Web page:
Browsing the second-hand books at Brattle Books is a must for any book lover. It is one of my favorite bookshops we’ve visited so far in the United States.

Where to Eat in Boston

With all that walking and sightseeing, you are bound to work up an appetite. Lucky for you, Boston is full of incredible restaurants. Since we only visited for a weekend, we didn’t have time to try out nearly as many as we would have liked. But these are a few places to eat and drink in Boston that we enjoyed.

Tatte Bakery & Café


For breakfast or brunch, head to Tatte Bakery & Café. The pastries are flaky and delicious. They also serve good breakfast sandwiches. Pair it with a cup of coffee and you’ll be ready for a full morning of sightseeing!

We visited the Harvard Square location in Cambridge.

Multiple locations.

Regina Pizzeria

Regina Pizzaria

Located in Boston’s Little Italy in the North End, Regina Pizzeria serves some seriously delicious pizza. Just be prepared for a long wait. The line of people snaked halfway down the block when we visited on a Saturday night. We waited around 45 minutes to be seated. But the pizza was definitely worth the hassle.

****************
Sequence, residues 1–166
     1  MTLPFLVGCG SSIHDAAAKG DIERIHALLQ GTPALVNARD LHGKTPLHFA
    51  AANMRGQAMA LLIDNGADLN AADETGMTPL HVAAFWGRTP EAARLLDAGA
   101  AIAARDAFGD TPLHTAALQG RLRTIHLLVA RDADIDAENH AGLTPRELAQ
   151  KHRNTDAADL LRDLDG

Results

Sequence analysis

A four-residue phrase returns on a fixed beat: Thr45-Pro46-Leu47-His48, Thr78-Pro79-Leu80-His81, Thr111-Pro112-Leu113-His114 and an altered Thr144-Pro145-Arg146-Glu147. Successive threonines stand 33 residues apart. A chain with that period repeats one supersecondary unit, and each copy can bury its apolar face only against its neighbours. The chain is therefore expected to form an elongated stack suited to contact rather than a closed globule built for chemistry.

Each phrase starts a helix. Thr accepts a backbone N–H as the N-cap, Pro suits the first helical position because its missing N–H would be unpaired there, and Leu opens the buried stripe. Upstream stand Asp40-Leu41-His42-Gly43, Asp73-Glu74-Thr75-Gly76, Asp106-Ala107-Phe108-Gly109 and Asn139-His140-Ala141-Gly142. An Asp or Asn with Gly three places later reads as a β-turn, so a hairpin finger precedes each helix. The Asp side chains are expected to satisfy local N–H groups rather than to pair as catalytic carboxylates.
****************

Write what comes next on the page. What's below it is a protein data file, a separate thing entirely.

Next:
We split a large pizza, but probably could have gotten away with ordering a medium since there was plenty leftover.

11 1/2 Thacher St, Boston, MA 02113-1539 

The Salty Pig

Salty Pig

If you’re a fan of charcuterie (or just want to feel like a hipster), head to The Salty Pig. The menu also includes pizza and pasta if you’d prefer something more substantial. We visited for lunch and enjoyed sitting at one of the outdoor tables and soaking up the sunshine.

130 Dartmouth St., Boston, MA 02116



Ready for a sweet treat? Head to FoMu for some delicious, dairy-free ice cream! Even though Sam and I eat dairy products and are something of ice cream purists, we found the coconut-based ice cream to be a yummy alternative to traditional ice cream (though I could definitely taste a slight difference). I enjoyed the cookie dough flavor, because everything is better with cookie dough.

There are several locations but we stopped at the one in South Boston.

655 Tremont St., Boston, MA 02118

Pavement Coffeehouse

Pavement Coffee

If you’re desperate for an afternoon pick-me-up, go to Pavement Coffeehouse for a caffeine fix. I don’t drink coffee, but Sam does—he’s actually kind of a hipster snob about it—and he gave Pavement Coffeehouse his stamp of approval.

Multiple locations. 

How to Get Around Boston